Last seen eleven years ago at the Donmar with Rhys Ifans, the play is a free-flowing update of Moliere’s 1665 comedy about a well- heeled hedonist. David is no stranger to seduction at Wyndham’s, having played the part of Benedick in Josie Rourke’s 2011 production of Shakespeare’s MUCH ADO ABOUT NOTHING alongside Catherine Tate.
David’s portrayal of the ‘Satan in a suit from Saville Row’ drew universal praise from the critics. The Guardian’s Michael Billington stating “It is Tennant’s performance that gives the play a disturbing ambivalence.” Eleanor Turney simply said “He’s an absolute bastard, but a charming one.”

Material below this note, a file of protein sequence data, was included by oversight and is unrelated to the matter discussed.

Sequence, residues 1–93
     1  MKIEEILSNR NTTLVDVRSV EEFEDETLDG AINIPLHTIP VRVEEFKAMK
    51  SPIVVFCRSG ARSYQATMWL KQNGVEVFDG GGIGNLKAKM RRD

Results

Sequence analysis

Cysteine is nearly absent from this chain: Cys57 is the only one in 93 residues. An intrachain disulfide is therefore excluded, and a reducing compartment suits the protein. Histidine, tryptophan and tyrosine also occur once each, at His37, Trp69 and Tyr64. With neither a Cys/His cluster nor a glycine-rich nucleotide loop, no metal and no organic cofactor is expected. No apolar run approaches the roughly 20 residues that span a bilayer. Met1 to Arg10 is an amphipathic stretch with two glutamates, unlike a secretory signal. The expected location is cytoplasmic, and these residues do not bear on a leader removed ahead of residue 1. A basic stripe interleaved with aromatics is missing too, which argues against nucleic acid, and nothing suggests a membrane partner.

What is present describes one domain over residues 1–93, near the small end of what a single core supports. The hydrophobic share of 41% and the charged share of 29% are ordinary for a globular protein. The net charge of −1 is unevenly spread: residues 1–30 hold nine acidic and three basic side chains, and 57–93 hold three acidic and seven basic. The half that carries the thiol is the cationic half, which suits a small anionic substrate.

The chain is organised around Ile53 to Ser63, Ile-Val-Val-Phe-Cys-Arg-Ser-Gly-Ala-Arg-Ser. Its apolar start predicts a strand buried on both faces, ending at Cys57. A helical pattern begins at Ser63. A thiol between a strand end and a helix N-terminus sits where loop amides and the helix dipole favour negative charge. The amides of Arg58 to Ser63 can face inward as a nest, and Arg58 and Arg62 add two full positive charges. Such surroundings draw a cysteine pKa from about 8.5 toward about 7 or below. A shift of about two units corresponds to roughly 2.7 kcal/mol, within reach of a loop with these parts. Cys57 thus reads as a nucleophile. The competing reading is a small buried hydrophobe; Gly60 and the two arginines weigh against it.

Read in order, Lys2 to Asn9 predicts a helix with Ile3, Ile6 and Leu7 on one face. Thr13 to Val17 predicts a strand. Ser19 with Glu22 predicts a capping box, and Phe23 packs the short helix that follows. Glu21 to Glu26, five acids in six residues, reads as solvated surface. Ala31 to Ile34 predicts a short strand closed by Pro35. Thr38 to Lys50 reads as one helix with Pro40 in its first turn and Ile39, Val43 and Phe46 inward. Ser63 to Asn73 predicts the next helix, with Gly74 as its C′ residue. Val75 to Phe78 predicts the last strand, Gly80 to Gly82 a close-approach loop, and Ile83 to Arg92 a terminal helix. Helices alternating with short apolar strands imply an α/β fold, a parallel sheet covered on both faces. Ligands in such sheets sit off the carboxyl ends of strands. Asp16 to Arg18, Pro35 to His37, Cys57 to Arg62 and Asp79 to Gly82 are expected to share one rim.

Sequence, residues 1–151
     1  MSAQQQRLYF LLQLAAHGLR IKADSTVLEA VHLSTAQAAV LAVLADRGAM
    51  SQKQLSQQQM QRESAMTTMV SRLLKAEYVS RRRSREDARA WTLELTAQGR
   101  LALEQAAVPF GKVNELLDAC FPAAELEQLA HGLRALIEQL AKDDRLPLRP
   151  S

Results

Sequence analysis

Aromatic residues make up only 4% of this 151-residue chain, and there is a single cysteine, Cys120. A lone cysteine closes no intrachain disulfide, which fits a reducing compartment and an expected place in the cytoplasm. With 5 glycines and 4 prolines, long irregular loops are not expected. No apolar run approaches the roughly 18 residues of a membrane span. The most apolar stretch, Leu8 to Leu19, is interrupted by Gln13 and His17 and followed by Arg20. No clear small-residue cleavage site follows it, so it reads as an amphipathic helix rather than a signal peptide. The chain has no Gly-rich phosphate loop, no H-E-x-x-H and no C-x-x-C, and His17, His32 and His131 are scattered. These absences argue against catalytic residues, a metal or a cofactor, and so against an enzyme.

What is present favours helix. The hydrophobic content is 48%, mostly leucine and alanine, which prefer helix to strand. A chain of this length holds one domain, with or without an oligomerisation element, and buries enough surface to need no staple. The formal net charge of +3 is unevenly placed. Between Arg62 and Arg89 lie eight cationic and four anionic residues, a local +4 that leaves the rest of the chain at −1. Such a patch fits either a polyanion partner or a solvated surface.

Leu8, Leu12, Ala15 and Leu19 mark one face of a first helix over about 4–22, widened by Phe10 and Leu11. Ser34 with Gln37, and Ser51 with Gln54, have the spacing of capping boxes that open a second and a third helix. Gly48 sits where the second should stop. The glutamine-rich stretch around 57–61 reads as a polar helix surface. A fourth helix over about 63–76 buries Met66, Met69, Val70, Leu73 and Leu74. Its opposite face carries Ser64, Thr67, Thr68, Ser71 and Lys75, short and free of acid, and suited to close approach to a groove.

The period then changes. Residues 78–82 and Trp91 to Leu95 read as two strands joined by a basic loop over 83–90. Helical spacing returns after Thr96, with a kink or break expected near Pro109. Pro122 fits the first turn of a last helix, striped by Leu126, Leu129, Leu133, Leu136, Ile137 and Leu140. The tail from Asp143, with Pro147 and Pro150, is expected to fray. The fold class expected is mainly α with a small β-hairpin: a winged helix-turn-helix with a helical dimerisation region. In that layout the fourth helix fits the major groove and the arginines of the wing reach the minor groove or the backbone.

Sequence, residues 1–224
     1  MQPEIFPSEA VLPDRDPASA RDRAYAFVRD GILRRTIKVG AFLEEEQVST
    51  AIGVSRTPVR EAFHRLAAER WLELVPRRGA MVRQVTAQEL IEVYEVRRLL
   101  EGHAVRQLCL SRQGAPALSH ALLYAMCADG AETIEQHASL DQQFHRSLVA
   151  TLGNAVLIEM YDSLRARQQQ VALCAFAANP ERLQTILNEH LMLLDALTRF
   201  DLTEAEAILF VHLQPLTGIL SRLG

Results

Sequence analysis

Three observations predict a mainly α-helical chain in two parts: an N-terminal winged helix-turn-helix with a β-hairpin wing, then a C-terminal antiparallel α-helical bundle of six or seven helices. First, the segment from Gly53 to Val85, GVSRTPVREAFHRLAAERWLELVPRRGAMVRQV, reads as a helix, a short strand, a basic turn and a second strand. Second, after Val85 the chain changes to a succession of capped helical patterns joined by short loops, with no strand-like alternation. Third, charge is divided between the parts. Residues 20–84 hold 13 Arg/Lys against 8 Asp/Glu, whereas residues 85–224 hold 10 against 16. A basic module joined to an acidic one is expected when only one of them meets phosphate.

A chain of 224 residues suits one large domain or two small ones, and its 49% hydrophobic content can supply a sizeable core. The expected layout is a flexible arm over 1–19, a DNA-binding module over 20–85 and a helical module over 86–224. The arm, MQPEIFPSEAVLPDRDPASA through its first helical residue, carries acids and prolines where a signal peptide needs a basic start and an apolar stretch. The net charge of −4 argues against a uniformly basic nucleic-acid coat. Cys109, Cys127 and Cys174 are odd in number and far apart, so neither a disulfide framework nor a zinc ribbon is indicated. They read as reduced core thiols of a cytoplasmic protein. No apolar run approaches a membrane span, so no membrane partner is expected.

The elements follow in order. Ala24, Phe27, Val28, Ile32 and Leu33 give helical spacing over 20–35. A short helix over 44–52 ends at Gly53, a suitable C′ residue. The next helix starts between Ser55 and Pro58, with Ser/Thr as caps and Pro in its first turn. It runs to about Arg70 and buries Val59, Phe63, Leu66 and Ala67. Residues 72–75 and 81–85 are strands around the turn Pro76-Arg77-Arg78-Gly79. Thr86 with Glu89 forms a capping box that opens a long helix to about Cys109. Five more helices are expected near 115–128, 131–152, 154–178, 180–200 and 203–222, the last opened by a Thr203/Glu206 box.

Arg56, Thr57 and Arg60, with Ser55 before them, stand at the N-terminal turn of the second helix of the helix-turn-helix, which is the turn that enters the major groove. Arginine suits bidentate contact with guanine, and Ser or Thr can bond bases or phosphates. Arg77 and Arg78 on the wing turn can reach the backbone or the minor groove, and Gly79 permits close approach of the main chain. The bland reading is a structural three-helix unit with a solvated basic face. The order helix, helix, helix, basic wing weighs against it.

Mark Ruffalo returned to the Broadway boards after an eleven-year absence in Arthur Miller’s rarely-revived THE PRICE at the American Airlines Theatre during the Spring. The three-time Oscar-nominated actor played career cop Victor Franz alongside Danny De Vito who was making his Broadway debut.
Mark was last seen on the Great White Way in Clifford Odet’s AWAKE AND SING! which also garnered him a Tony nomination. Known as ‘the actor’s activist’, Mark said in a recent interview that his acting teacher would tell him that ‘ art is activism… we should pay to go to church and the theatre should be free – that’s where we learn about ourselves.’ His character in THE PRICE is exiled to the Police departments version of Siberia- out by the airport because he doesn’t participate in the department’s politics. Mark has always been a good signer and very fan-friendly so I sent this sketch of him in the role to the theatre and it came signed.